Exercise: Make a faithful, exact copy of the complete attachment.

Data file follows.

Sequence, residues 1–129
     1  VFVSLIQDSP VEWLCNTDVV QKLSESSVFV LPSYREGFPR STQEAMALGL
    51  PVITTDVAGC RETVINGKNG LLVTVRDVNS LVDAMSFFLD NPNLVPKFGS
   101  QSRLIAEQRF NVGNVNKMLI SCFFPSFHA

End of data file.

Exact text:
Sequence, residues 1–129
     1  VFVSLIQDSP VEWLCNTDVV QKLSESSVFV LPSYREGFPR STQEAMALGL
    51  PVITTDVAGC RETVINGKNG LLVTVRDVNS LVDAMSFFLD NPNLVPKFGS
   101  QSRLIAEQRF NVGNVNKMLI SCFFPSFHA